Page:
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- Sen. Amy Klobuchar of Minnesota, a Democratic candidate in the 2020 US presidential election, played down numerous reports about her temperament during a Fox News interview on Tuesday.
- Klobuchar has faced allegations of mistreating her staff in recent news reports, including sending them on personal errands and demeaning them through sharp comments and late-night emails.
- "I don’t know, it’s all anonymous," Klobuchar said of the allegations on Tuesday. "But I will say I am proud of our staff."
Sen. Amy Klobuchar of Minnesota, a Democratic candidate in the 2020 US presidential election, played down numerous reports about her temperament and said she would take responsibility for everything that "happens on this campaign."
Klobuchar faced numerous allegations of mistreating her staff, including sending them on personal errands and demeaning them through sharp comments and late-night emails. HuffPo first reported on the allegations of mistreatment at Klobuchar’s office, which experienced a high turnover rate between 2001-2017, according to Legistorm, a congressional salary database.
"I don’t know, it’s all anonymous," Klobuchar said of the allegations during an interview with Fox News anchor Bret Baier on Tuesday. "But I will say I am proud of our staff."
"And yes, I can be a tough boss and push people — that’s obvious," she added. "But that’s because I have high expectations of myself, I have high expectations of those that work with me, and I have high expectations for our country."
Klobuchar’s office did not respond to numerous requests for comment.
Klobuchar said she did not recall having a conversation in 2015 with former Democratic Sen. Harry Reid of Nevada, the Senate Minority Leader at the time, who was said to have told Klobuchar to adjust her behavior.
"I called Sen. Reid when I heard this and he doesn’t remember that, and I don’t remember that either," Klobuchar said.
In another report from BuzzFeed News, Klobuchar was said to have thrown various office supplies, including a binder that accidentally hit an aide, according to a person who witnessed the incident. Klobuchar admitted there was an incident in which a binder was let loose, but denied it was intentional.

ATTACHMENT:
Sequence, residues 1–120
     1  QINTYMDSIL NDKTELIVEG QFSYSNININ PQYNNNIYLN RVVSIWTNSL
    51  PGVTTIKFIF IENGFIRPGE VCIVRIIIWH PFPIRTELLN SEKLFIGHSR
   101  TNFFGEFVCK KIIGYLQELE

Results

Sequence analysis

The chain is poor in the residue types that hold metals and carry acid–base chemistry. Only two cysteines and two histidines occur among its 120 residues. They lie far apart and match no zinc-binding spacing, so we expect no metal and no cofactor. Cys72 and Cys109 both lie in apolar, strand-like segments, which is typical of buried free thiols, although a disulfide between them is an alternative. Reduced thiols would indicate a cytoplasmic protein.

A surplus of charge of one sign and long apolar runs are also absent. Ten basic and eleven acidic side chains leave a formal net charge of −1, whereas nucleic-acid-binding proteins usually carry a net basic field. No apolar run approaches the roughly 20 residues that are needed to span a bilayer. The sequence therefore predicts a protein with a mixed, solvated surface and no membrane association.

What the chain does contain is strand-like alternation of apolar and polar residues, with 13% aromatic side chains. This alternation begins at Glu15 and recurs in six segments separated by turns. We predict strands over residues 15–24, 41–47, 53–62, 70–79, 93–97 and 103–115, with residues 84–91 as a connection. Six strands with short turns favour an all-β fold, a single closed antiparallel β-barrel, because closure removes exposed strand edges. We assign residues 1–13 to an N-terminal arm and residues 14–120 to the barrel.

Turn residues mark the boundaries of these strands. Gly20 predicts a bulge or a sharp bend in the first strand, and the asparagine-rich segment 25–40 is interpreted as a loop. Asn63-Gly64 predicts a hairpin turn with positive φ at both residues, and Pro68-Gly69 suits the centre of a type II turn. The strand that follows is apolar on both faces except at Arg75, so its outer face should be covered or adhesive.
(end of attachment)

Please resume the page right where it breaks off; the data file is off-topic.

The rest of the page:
"If you look at that story, I think you’ll see it said something about me throwing a binder down, not at someone," Klobuchar said.
"People should judge me based on this campaign and how we do, and we sure had a good beginning," Klobuchar added. "And that was a strong team that did that."
Klobuchar announced her candidacy at a rally on Sunday amid sub-freezing temperatures and thousands of supporters.
"I am tough enough to take on Donald Trump," Klobuchar said at the rally. "I would have liked to seen him sitting here in the snow for an hour giving this speech."
A number of Democratic 2020 candidates have emerged in recent weeks, including Sen. Kirsten Gillibrand of New York, Sen. Kamala Harris of California, Sen. Elizabeth Warren of Massachusetts, Rep. Tulsi Gabbard of Hawaii, former secretary of Housing and Urban Development Julián Castro, Sen. Cory Booker of New Jersey, former Rep. John Delaney of Maryland, former state senator Richard Ojeda of West Virginia, acclaimed author Marianne Williamson, and former tech entrepreneur Andrew Yang.
- Accusations of mistreatment have reportedly made it difficult for Minnesota Democratic Sen. Amy Klobuchar to staff up for potential 2020 presidential campaign
- Elizabeth Warren suggested she might not have to face Trump in the 2020 elections because he’ll be in prison
- Minnesota Sen. Amy Klobuchar announces 2020 presidential campaign: ‘enough is enough’
Source: Business Insider